I followed up with five bread-and-butter requests in the bankruptcy matters:
- A debtor’s objection to a stay-relief motion in a Chapter 11 case;
- A disclosure statement for a Chapter 11 plan in a bicycle manufacturer case;
- A motion to extend the time for assumption of grocery store leases;
- A motion to approve a settlement in a Chapter 7 case in a specific district, the Bankruptcy Court for the Northern District of Texas; and
- A plan support agreement.
In each instance, each chatbot produced a draft document that is missing important categories of factual statements and legal allegations.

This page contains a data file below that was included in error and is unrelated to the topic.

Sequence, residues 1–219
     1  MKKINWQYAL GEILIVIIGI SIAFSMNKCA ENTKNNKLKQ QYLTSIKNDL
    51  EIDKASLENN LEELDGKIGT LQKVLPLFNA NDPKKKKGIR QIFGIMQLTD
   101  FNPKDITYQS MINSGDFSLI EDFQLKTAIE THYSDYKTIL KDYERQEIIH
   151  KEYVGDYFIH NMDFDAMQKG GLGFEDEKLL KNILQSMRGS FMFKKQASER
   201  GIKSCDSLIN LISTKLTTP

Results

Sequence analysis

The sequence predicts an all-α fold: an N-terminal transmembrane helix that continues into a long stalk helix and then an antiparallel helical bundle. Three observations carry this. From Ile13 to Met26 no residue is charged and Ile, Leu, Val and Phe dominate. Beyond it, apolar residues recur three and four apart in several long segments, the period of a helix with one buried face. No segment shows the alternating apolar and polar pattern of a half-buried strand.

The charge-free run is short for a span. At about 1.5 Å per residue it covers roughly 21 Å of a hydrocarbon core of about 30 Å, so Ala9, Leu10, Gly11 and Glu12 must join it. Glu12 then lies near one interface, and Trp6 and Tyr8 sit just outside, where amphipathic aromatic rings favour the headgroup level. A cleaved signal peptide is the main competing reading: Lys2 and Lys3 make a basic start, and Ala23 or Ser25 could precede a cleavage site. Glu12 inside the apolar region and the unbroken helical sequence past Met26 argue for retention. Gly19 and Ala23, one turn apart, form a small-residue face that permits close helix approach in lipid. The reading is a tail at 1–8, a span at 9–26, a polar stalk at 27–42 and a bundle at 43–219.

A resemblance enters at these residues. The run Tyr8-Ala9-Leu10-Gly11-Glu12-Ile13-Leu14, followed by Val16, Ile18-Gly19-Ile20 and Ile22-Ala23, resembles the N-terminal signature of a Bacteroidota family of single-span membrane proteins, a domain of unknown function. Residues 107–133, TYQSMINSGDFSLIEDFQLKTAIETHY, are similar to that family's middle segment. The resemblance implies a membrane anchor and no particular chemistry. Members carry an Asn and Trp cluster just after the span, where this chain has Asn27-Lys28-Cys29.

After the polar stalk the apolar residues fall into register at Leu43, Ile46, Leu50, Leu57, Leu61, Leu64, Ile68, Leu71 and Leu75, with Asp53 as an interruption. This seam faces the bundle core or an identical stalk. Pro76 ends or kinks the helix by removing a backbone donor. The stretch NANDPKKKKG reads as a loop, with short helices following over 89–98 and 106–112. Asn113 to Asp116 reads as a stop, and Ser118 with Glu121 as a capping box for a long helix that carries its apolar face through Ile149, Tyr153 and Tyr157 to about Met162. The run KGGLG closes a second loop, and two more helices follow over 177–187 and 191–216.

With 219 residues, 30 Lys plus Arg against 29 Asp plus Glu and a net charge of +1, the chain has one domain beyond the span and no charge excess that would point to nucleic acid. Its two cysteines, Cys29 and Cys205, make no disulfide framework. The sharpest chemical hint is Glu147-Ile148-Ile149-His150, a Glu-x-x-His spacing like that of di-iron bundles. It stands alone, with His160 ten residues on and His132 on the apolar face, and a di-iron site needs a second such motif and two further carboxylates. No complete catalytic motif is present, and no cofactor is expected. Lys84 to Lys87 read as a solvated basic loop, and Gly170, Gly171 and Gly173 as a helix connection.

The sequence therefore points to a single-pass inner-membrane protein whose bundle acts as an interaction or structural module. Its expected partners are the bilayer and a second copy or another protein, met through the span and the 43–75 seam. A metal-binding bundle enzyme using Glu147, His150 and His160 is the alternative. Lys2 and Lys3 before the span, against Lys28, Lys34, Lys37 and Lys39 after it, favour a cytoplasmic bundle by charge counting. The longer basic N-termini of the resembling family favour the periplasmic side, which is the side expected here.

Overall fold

I gave each chatbot a final request to “draft a brief with citations of legal authorities in support of cramdown of a plan of reorganization in a Chapter 11 bankruptcy case in the Bankruptcy Court for the Southern District of Texas.” Bard prepared a short memo with three footnotes, obviously way off the mark: “11 U.S.C. § 1129(b)(1)[without “&(b)(2)”]; In re Delta Airlines, 238 F.3d 915 (2d Cir. 2001); In re Texaco, 77 F.3d 1136 (5th Cir. 1996).” ChatGPT generated a longer document — again in the form of a letter, this time to the Court — with just two citations: “Till v. SCS Credit Corp., 541 U.S. 465 (2004)” and “United Savings Ass’n v. Timbers of Inwood, 484 U.S. 365 (1988).” Unfortunately, ChatGPT grossly misunderstood both cases, claiming that Till was a Chapter 11 case and that the holding in Timbers is that “the cramdown provisions in Chapter 11 of the Bankruptcy Code are constitutional.”